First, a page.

With the concession, train operations gradually resumed over the following day. Stranded visitors were slowly evacuated, while new arrivals regained access to the Incan ruins.

By February 1st, Miguel Zamora, the director of the Machu Picchu archaeological park, confirmed that access was fully reestablished. “The first visitors were able to enter without any problem,” he told reporters.

What Comes Next? Debate Continues Around Managing Tourism

While trains are once again running and tourists are returning, the protests have shone a spotlight on deeper debates about balancing preservation, revenue interests and community rights when managing Peru’s top destination.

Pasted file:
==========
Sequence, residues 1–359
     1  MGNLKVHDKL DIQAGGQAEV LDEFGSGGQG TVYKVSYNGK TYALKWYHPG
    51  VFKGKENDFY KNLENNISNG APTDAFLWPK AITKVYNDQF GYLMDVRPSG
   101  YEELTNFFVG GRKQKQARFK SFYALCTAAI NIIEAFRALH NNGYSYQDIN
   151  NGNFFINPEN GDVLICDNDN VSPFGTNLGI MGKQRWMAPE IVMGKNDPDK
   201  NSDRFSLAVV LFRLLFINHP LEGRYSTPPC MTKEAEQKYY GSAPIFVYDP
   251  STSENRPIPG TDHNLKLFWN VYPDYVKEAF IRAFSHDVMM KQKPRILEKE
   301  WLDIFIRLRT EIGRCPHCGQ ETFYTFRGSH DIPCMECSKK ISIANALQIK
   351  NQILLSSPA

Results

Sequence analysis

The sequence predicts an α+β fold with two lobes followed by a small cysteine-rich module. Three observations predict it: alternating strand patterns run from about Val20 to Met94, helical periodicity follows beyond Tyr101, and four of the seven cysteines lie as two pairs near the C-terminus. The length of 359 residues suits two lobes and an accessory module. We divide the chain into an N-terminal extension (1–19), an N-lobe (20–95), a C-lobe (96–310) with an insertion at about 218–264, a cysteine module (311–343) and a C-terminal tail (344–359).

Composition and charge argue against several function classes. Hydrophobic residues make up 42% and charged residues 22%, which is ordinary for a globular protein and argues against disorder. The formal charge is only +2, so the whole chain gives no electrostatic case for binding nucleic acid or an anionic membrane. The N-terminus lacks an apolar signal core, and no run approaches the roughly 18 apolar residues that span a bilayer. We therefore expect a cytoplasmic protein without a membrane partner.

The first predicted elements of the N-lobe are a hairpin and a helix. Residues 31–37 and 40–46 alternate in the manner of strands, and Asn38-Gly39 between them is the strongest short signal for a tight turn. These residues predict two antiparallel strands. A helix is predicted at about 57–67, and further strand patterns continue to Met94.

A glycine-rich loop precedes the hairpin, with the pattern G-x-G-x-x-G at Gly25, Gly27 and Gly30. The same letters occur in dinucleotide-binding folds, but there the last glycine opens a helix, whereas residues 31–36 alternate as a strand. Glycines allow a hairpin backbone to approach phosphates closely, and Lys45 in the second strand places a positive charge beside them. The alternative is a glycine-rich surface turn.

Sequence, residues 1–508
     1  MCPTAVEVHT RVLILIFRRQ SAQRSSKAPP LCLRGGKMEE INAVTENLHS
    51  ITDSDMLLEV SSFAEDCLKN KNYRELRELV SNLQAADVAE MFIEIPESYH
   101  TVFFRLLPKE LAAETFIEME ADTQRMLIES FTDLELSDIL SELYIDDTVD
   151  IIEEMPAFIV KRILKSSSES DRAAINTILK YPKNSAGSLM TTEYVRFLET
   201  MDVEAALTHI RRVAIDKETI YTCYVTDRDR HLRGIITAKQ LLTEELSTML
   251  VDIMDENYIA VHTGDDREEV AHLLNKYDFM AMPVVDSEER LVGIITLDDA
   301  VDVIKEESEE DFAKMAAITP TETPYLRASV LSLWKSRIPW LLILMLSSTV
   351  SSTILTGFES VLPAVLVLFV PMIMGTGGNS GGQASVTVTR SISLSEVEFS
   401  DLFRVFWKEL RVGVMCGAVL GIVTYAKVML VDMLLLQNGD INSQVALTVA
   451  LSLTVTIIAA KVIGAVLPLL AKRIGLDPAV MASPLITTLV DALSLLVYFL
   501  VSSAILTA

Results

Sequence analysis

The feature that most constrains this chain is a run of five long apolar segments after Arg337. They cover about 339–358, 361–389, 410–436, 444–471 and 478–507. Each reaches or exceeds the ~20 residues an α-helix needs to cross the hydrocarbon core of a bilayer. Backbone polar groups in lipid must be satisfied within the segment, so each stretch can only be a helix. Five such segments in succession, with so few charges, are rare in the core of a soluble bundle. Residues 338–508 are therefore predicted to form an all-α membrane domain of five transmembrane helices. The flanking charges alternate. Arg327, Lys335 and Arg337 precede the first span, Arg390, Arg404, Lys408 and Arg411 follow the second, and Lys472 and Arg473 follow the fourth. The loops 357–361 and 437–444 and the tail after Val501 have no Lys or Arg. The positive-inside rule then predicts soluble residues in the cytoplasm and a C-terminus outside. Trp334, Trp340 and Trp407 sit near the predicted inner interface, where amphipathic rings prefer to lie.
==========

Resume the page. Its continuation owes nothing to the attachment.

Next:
Some activists declare victory, but emphasize their underlying frustrations remain unaddressed. “We want dialogue, proposals from the government,” said protest leader Roger Berríos to media after the government reversed course. “We don’t want them to say ‘we’re right’ when we protest.”

Many expect continued discussions around implementing timed entries or caps on visitors without privatization. However, a long-term solution satisfying all parties could prove complex to develop.

Going forward, tourism minister Helguero has promised wide ranging talks over regulation that engage relevant stakeholders. “We need to have a space for dialogue with authorities, guilds and unions,” he stated.

With passions running high on all sides, it may not be the last time Machu Picchu sees upheaval as Peru grapples with protecting its crown jewel.

References

Background information, details on new ticketing plans and initial local backlash: